Years of heavy traffic from forklifts, pallets, and more than eleven million conventioneers left New Orleans with $39.12 billion in economic impact, but also left the Ernest N. Morial Convention Center’s concrete exhibit hall floors scratched, pitted and scarred.
On the eve of the Convention Center’s upcoming 25th anniversary, the floors in Exhibit Halls D and E (comprising 231,000 sq.ft. of the building’s 1.1 million of exhibit hall space) have received a luxurious diamond polishing and their youthful glow has been restored. The floor makeover is part of a building-wide “facelift” that includes more than $12 million in improvements. Other improvements this year include a freshly painted exterior, landscaping, renovated ballrooms, 10-GIG internet upgrade, flat screen video monitors in lobbies, and digital signage and keycard access for all 140 meeting rooms.
The new high-gloss finish gives the floors the appearance of polished marble and provides a more finished look. The diamond polishing process used by the Convention Center, called RetroPlate Concrete Polishing System,TM delivers a highly abrasion resistant, dust-proof floor with increased impact resistance. In addition to being more aesthetically pleasing, the polished floors will reduce the Convention Center’s maintenance costs: according to Advanced Floor Products, creators of the RetroPlate Concrete Polishing System,TM concrete polishing has the lowest ten-year life cycle cost of any floor treatments including vinyl tile, carpet and deck paint.
The new surface also is more environmentally friendly. The diamond polishing process increases the floors’ light reflectivity by up to 30% — so overhead lighting can be reduced, resulting in an energy savings.
The concrete polishing company, TMAC, began their prep work by sealing off 257 utility floor boxes. Then, heavy-grit diamonds were used to remove a thin slice of the floor surface, to eliminate any existing finishes.
Next, metal bond diamonds were used to grind the floor to a smooth surface using increasingly finer diamond pads. The polishing process is actually “a lot more sophisticated than polishing your kitchen floors with ‘Mop-N-Glo’,” said Bryan Hayden, the Convention Center’s vice president of operations. “But afterwards, the maintenance is very simple – only a damp mop is needed to keep the floors in optimum condition.” Because diamond polishing leaves concrete floors more durable and much easier to maintain, no harsh chemicals are needed to keep it clean. No topical coating is applied, so the surface won’t peel, chip, or flake.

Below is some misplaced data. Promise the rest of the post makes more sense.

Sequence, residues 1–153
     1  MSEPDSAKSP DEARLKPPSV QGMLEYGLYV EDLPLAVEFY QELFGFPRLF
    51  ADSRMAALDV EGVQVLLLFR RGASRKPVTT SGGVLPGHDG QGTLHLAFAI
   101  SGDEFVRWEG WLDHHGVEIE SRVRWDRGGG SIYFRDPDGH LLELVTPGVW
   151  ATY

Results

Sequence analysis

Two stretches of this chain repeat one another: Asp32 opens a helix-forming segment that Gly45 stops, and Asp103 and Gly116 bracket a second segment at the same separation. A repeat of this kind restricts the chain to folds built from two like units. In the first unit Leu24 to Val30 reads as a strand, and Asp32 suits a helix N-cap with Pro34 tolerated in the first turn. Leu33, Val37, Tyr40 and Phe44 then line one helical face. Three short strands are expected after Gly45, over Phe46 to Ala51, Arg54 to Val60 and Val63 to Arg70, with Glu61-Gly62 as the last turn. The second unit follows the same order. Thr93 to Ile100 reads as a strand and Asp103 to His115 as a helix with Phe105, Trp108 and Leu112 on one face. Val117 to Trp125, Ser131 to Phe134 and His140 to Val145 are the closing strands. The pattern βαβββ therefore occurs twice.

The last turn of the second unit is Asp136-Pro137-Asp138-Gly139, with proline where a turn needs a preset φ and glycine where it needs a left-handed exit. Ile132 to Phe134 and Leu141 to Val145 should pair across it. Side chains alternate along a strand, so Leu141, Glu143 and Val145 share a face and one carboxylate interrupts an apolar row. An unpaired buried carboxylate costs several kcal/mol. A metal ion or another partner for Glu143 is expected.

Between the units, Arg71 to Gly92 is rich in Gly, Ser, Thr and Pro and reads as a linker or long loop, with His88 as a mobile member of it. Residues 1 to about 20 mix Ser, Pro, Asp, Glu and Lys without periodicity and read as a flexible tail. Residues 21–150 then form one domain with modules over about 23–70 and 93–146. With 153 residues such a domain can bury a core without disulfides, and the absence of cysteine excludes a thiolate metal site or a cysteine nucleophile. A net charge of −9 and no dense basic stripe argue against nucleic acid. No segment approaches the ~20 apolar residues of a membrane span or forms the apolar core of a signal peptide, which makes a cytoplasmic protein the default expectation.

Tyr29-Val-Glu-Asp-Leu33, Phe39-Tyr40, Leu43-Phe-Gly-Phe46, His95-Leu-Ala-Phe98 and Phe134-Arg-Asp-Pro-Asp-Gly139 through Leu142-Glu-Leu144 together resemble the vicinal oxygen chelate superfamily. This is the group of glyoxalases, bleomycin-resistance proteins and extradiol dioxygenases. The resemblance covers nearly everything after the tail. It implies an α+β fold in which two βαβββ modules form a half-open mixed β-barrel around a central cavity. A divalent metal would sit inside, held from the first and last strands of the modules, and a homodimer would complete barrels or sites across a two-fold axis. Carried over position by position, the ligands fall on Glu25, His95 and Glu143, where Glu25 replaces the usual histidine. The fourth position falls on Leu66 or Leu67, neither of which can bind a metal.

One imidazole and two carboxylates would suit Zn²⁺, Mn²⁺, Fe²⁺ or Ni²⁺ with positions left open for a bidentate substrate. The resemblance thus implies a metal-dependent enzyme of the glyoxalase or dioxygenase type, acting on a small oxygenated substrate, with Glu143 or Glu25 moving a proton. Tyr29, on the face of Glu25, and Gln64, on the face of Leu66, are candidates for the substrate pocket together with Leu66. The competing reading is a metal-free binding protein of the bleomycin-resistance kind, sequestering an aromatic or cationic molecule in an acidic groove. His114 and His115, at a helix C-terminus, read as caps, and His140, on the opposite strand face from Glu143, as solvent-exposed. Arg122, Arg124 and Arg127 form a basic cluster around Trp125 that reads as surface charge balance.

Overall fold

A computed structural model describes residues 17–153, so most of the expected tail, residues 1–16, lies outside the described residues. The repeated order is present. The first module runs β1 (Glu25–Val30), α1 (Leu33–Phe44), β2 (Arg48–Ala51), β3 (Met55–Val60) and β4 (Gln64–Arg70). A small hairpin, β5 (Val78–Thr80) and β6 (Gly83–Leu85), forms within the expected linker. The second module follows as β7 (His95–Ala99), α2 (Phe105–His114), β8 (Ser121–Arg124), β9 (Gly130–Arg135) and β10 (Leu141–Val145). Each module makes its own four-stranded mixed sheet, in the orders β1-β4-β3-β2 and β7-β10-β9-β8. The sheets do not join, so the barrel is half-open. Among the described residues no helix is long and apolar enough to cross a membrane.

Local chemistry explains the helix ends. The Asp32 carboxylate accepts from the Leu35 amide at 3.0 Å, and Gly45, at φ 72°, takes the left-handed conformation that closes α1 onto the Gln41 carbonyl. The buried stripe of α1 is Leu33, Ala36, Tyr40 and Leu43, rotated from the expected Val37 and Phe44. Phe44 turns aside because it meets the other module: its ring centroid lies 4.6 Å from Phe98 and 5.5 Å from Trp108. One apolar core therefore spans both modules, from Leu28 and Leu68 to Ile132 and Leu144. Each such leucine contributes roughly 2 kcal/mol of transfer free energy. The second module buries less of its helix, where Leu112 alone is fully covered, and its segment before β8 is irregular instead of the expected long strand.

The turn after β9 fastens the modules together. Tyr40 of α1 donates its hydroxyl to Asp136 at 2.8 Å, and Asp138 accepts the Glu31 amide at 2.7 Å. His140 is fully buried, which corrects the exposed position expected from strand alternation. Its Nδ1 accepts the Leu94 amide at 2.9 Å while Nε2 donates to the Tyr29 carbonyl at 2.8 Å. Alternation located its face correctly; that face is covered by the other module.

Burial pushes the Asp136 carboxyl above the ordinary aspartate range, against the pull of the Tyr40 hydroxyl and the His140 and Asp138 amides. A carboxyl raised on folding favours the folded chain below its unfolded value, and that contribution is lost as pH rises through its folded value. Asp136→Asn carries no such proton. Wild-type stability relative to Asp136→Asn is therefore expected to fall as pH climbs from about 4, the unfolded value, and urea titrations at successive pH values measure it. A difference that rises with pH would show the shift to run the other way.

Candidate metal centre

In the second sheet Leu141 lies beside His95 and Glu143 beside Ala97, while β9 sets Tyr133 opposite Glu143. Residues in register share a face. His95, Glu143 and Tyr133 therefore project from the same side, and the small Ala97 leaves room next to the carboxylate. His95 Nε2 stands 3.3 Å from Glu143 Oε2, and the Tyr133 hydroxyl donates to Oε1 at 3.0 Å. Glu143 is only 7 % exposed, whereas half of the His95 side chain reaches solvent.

Hayden said that the polishing process is environmentally sound. “All materials used in the process are odorless, non-toxic, non-flammable, and ‘green.’ Even the water used in the cutting process is recycled. It’s a ‘wet’ process which doesn’t kick up any dust. TMAC collects the ‘slurry’ (the dust and the water), squeezes out the water, then compacts the dust into a cube for easy disposal. And, each grinder is only as loud as a vacuum cleaner,” added Hayden.
After the metal bond cuts, a densifier is applied to harden the concrete, increase its overall strength, and increase its resistance to scratching and breaking due to dropped pallets and heavy equipment. The densifier chemically bonds the surface of the concrete together and increases its impact strength by up to 21%. The final step in the process is to buff the floor surface to the desired sheen.
The entire process took ten days per exhibit hall. Next year, the Convention Center plans to tackle the remaining 769,000 sq. ft. of concrete floors. By 2011, all twelve halls in the facility, totaling 1.1 million sq.ft., will be polished to a sparkling sheen.
About the New Orleans Ernest N. Morial Convention Center
With 1.1 million square feet of contiguous exhibit space, an award winning staff and first class amenities, the New Orleans Ernest N. Morial Convention Center is the sixth largest convention center in the nation and a consistent Top 10 host of the largest number of conventions and tradeshows annually. A leading rainmaker of the city’s hospitality industry, MCCNO event activity has produced $39.12 billion in economic impact since its 1985 opening, including $2.19 billion in new tax revenue.